Disperse the disinfection solution evenly throughout the well, including the bottom of the well.
By Michael J. Schnieders, PG, PH-GW
Well disinfection is a part of every planned maintenance effort.
However, there are many times when we are faced with a potential compromise or failure of the well and an emergency response is necessary. This is most common in flooding situations but can occur for a variety of reasons—vandalism, accidents, and other forms of natural disasters.
Depending on the circumstances surrounding the compromise or failure, other hazards may be lurking at the well site, such as damaged electrical wiring. Before addressing disinfection, you should address these challenges. Once access and power to the well site has been restored, you can safely focus on the issue at hand—well disinfection.
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One issue most commonly faced when performing an emergency well disinfection is many wells have not been maintained adequately prior to the emergency. This puts the contractor in a precarious position and may require much more effort than initially considered.
We’ll focus on the disinfection aspect, but you may need to look at more invasive cleaning or structural repair as part of the emergency response.
The main challenge with a compromise is the introduction of water and sediment that has drastically different water chemistry and microbiology as well as the potential for a variety of contaminants into the well system.
Purging Introduced Material
The first step is to purge much of the introduced material from the well. As needed, restore pump function and pump impacted wells clear for several hours to remove introduced water, sediment, and possible contaminants. Do not pump the evacuated water through treatment and distribution systems, but discharge from the first flushing tap away from the well.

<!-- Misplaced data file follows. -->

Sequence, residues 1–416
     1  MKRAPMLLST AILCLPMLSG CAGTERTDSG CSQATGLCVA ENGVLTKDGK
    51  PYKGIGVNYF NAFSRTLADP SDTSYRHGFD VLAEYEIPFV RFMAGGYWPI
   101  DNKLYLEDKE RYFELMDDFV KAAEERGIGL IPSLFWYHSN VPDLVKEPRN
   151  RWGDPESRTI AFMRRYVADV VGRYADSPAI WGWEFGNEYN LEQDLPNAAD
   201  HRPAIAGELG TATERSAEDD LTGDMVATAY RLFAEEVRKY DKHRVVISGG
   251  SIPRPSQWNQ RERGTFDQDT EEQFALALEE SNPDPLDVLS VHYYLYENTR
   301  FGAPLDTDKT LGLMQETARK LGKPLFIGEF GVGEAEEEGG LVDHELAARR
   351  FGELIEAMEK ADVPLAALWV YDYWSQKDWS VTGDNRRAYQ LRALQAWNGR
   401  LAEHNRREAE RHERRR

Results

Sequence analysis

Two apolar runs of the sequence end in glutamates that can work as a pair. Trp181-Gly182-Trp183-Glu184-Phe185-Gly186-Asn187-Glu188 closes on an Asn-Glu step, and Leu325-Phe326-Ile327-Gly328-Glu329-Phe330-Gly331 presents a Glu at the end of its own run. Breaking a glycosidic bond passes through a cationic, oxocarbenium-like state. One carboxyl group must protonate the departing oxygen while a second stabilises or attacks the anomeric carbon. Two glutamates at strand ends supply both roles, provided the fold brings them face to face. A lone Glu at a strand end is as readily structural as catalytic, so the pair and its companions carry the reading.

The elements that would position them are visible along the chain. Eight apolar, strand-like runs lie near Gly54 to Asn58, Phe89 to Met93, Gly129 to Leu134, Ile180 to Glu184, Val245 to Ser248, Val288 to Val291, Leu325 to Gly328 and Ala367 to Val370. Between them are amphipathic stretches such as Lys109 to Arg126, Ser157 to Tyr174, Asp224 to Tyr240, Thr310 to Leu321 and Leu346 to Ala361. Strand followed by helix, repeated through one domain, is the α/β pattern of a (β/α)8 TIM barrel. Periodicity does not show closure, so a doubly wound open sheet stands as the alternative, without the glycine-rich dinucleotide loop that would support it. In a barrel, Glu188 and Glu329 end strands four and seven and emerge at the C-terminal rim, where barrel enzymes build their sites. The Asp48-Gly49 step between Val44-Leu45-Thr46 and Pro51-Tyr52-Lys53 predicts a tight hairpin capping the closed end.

The time required depends on the size of the well, aquifer hydraulic conductivity, and the degree of impact. As few as three hours and as many as 24 may be needed—a reasonable number of hours should be determined by the well size. As a rule, purge the well until visual turbidity is gone and the conductivity has reached a normal level (typically between 500 and 1000 mV).
Following effective purging of the well, a pH balanced chlorination treatment is recommended as a means of disinfection prior to returning the well to active use. Chlorination should use a pH adjusted chlorination treatment of a 250 ppm chlorine level in a pH range of 6.5 to 7.0. Using 10% strength sodium hypochlorite, this is equal to 1.25 gallons of chlorine per 500 gallons of treatment volume. The volume of the disinfection solution should be equivalent to three times the standing static volume of the impacted well.
The preferred concentration of chlorine to use varies based on the well structure, cleanliness of the well prior to disinfection, as well as the background water chemistry. Based on research conducted on fouled well systems, it is not recommended to use more than a 500 ppm chlorine concentration.
Chlorine in its gas form, as used in water treatment facilities, is the most effective form of chlorine, but its safe use and application are challenging at a well site. Calcium and sodium hypochlorite solutions are far more common for use in the field and, in particular, water well disinfection. Sodium hypochlorite in its liquid form is the more preferred chlorine solution—it goes into solution better and doesn’t contribute additional calcium downhole. Calcium and sodium hypochlorite products degrade over time and at a faster rate when exposed to direct sunlight, air, organic material, or temperature fluctuations.